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Coronavirus

COVID-19 killed at least 2,777,761 worldwide: AFP tally

Published: Updated:

The novel coronavirus has killed at least 2,777,761 people since the outbreak emerged in China in December 2019, according to a tally from official sources compiled by AFP at 10H00 GMT on Sunday.

At least 126,622,220 cases of coronavirus have been registered. The vast majority have recovered, though some have continued to experience symptoms weeks or even months later.

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These figures are based on daily tolls provided by health authorities in each country and exclude later re-evaluations by statistical organizations, as has happened in Russia, Spain and Britain.

On Saturday, 9,829 new deaths and 576,385 new cases were recorded worldwide.

Based on latest reports, the countries with the most new deaths were Brazil with 3,438 new deaths, followed by United States with 761 and Mexico with 567.

The United States is the worst-affected country with 548,828 deaths from 30,218,688 cases.

After the US, the hardest-hit countries are Brazil with 310,550 deaths from 12,490,362 cases, Mexico with 201,429 deaths from 2,224,767 cases, India with 161,552 deaths from 11,971,624 cases, and the United Kingdom with 126,573 deaths from 4,329,180 cases.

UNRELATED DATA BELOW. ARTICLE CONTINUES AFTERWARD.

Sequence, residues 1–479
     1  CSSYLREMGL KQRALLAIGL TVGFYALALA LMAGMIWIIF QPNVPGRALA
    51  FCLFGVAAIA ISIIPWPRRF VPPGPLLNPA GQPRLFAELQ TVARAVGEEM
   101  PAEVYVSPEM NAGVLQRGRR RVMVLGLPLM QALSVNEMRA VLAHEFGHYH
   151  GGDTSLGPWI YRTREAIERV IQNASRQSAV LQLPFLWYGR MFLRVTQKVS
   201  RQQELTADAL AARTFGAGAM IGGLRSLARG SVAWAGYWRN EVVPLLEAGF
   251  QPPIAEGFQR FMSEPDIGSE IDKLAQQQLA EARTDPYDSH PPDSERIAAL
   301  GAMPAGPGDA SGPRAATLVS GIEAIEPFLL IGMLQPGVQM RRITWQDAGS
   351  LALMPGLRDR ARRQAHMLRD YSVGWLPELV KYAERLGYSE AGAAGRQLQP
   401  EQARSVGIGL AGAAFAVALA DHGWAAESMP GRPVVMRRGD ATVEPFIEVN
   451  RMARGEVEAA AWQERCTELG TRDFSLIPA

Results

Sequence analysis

The country with the highest number of deaths compared to its population is Czech Republic with 242 fatalities per 100,000 inhabitants, followed by Hungary with 204, Montenegro 198, Belgium 197 and Slovenia 193.

Europe overall has 943,355 deaths from 42,914,305 cases, Latin America and the Caribbean 767,568 deaths from 24,382,782 infections, and the United States and Canada 571,678 deaths from 31,178,827 cases.

Asia has reported 269,736 deaths from 17,552,490 cases, the Middle East 112,735 deaths from 6,381,927 cases, Africa 111,713 deaths from 4,175,758 cases, and Oceania 976 deaths from 36,135 cases.

Since the start of the pandemic, the number of tests conducted has greatly increased while testing and reporting techniques have improved, leading to a rise in reported cases.

However the number of diagnosed cases is only a part of the real total number of infections as a significant number of less serious or asymptomatic cases always remain undetected.

As a result of corrections by national authorities or late publication of data, the figures updated over the past 24 hours may not correspond exactly to the previous day’s tallies.

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